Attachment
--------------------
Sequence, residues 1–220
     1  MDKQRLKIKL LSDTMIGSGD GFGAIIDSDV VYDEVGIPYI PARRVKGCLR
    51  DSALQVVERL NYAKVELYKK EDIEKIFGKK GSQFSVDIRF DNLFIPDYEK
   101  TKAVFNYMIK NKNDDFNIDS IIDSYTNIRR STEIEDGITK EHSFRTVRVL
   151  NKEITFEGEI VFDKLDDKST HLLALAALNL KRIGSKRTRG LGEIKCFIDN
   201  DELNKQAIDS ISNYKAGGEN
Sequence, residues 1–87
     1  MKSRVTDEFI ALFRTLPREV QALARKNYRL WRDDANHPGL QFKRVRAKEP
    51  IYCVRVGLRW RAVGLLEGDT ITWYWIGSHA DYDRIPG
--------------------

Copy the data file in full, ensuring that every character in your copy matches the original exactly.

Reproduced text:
Sequence, residues 1–220
     1  MDKQRLKIKL LSDTMIGSGD GFGAIIDSDV VYDEVGIPYI PARRVKGCLR
    51  DSALQVVERL NYAKVELYKK EDIEKIFGKK GSQFSVDIRF DNLFIPDYEK
   101  TKAVFNYMIK NKNDDFNIDS IIDSYTNIRR STEIEDGITK EHSFRTVRVL
   151  NKEITFEGEI VFDKLDDKST HLLALAALNL KRIGSKRTRG LGEIKCFIDN
   201  DELNKQAIDS ISNYKAGGEN
Sequence, residues 1–87
     1  MKSRVTDEFI ALFRTLPREV QALARKNYRL WRDDANHPGL QFKRVRAKEP
    51  IYCVRVGLRW RAVGLLEGDT ITWYWIGSHA DYDRIPG